You'll notice Garchomp has a familiar typing, dragon and ground. Garchomp doesn't excel in either type against others on this list, but as something which can handle itself well in battle, Garchomp is a great all-rounder to have in reserve, especially if you can equip it with both Outrage and Earth Power charged moves to give you plenty of options. It is, at the very least, an excellent Metagross and Melmetal counter.

Ultimately, be aware of its weaknesses, many of which are prominent in the meta - so make sure you keep it well away from a Lugia, Zacian or Togekess if they show up. Garchomp, however, does make up for that with excellent resistance to electric-type attacks.

Togekiss

Type: Fairy / Flying
Perfect IVs: 15/15/15
Recommended moves: Charm (fast), Ancient Power (Charged) and Flamethrower (Charged)
Togekiss weaknesses: Poison, Steel, Rock, Ice, Electric

Togekiss is another Ultra League favourite that translates to a very strong Master League showing, and the recent buff to Ancient Power isn't something that Togekiss-users are going to complain about.

This is because Togekiss is an excellent dragon-type counter - its fairy fast move Charge can make short work of some of the other dominant Pokémon in this list, like Garchomp, Dragonite and Giratina, and fighting-types such as Machamp with ease, while Ancient Power is a good counter to edge out another Togekiss.

Flamethrower, meanwhile, is helpful if you need to counter steel-types - which it's weak against.

Togekiss is the best fairy-type in the game, and also relatively easy to get your hands on - chances are you've hatched a few in Eggs over the years - and pretty cheap to level up and add a second charge move on provided you do it in its early evolution stages.

Mamoswine

Type: Ice / Ground
Perfect IVs: 15/15/15
Recommended moves: Powder Snow (Fast), Bulldoze (Charged), Avalanche (Charged)
Mamoswine weaknesses: Fighting, Fire, Grass, Steel, Water

In a meta with Pokemon with several ice weaknesses (Giratina, Togekiss) and ground weaknesses (Dialga), Mamoswine's dual typing positions it as a very effective counter.

Mamoswine's dual typing also has a disadvantage - more weaknesses. This means the steel-types it's strong against can damage it easily, as well as the mighty Kyogre, which you're still likely to come up against.

Ultimately, it's a very good counter pick - especially when you factor in pre-evolution Swinub being a fairly common creature to make it a cost effective option.


Currently available is the Astral Eclipse event, which brings the A Cosmic Companion special research quest of the Season of Light to a close. You can also finally evolve Cosmoem into Solgaleo or Lunala! Elsewhere, be sure to use Daily Adventure Incense for the chance of encountering Galarian Articuno, Galarian Zapdos and Galarian Moltres.


Dialga

Type: Steel / Dragon
Perfect IVs: 15/15/15
Recommended moves: Dragon Breath (Fast), Iron Head (Charged), Draco Meteor (Charged)
Dialga weaknesses: Fighting, Ground

The former undisputed king of the meta, Dialga was everywhere in the Master League last time it was here; you either run one, or you run something that will take it down, like Groudon, Mewtwo, Metagross or Garchomp.

Dialga is still a top-tier pick, but it's no longer the be all and end all, so don't worry if you don't have one.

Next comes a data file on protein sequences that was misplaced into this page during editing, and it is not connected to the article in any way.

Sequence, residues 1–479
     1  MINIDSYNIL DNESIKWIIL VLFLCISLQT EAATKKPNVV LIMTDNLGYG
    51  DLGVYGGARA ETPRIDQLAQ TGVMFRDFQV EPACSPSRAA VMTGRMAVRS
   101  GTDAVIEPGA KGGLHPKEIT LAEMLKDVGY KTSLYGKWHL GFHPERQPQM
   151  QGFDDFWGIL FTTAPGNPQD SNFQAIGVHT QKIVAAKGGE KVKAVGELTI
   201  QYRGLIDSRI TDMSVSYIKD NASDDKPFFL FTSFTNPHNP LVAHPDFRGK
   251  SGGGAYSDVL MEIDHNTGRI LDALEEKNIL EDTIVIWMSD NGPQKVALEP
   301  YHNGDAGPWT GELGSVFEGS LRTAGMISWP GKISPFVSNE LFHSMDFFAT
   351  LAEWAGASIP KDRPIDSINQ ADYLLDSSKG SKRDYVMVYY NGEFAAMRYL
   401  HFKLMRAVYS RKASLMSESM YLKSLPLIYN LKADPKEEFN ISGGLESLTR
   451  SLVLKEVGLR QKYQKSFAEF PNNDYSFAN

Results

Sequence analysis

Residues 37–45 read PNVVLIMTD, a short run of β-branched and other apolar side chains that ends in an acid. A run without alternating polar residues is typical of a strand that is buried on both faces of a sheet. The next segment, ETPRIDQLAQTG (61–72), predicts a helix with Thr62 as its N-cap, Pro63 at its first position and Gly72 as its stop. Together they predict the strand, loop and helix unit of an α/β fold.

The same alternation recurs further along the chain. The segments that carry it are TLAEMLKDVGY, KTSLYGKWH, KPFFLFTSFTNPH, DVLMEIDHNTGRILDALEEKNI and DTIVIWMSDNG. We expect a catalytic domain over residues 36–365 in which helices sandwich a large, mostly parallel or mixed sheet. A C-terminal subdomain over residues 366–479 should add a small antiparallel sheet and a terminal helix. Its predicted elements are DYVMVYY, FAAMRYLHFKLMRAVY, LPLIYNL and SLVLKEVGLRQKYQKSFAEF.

If you are planning to run one, make sure you invest your hard-earned candy into the best possible Dialga; the sheer volume here means that you will likely run into the mirror, which in turn means that it’s often a straight battle of who has the best IVs.

Dialga is another Legendary with the right moves, typing (steel is generally very useful in competitive play) and the strength to roll over the vast majority of Pokémon it comes up against.

That said, expect to see well-rounded teams with fighting or ground moves to still be a threat against it.

Giratina (Altered ideally, but Origin is great, too)

Type: Ghost / Dragon
Perfect IVs: 15/15/15
Giratina Altered moves: Shadow Claw (Fast), Dragon Claw (Charged), Ancient Power (Charged)
Giratina Origin moves: Shadow Claw (Fast), Shadow Ball (Charged), Ominous Wind (Charged)
Giratina weaknesses: Dark, Dragon, Ghost, Ice, Fairy

Not only does Giratina rule the Ultra League, but it stands tall in the Master League as well. It had slipped down in the rankings over recent years, but the recent rebalancing jas thrust Giratina Altered back into the spotlight, and now both of them are considered very strong options for your team.

Giratina is, put simply, incredibly powerful, leaning on its brute strength and ghost / dragon-types to take down most other creatures in a straight match up. Though you'll want to go after the Altered forme if you have the option, Origin is still a welcome alternative.

And the rebalancing has been particularly kind to Giratina Altered, as the boost to Ancient Power now lets it beat both Gyarados and Togekiss, which is massive.

Giratina is a Legendary and until it reappears in Raids or weekly Research, cannot be found easily without trading.

With the meta forming around Giratina, expect to come up against plenty of counters against it (which is most of the choices on this page) so though it's a popular choice for a reason, going against the meta by not using it also makes sense - so don't worry if you don't have one available.

Reshiram

Type: Dragon / Fire
Perfect IVs: 15/15/15
Recommended moves: Dragon Breath (Fast), Crunch (Charged), Overheat (Charged)
Reshiram weaknesses: Dragon, Ground, Rock

Like Zekrom, Reshiram is an excellent option in the Master League, making short work of Metagross, Yveltal, Togekiss and Giratina.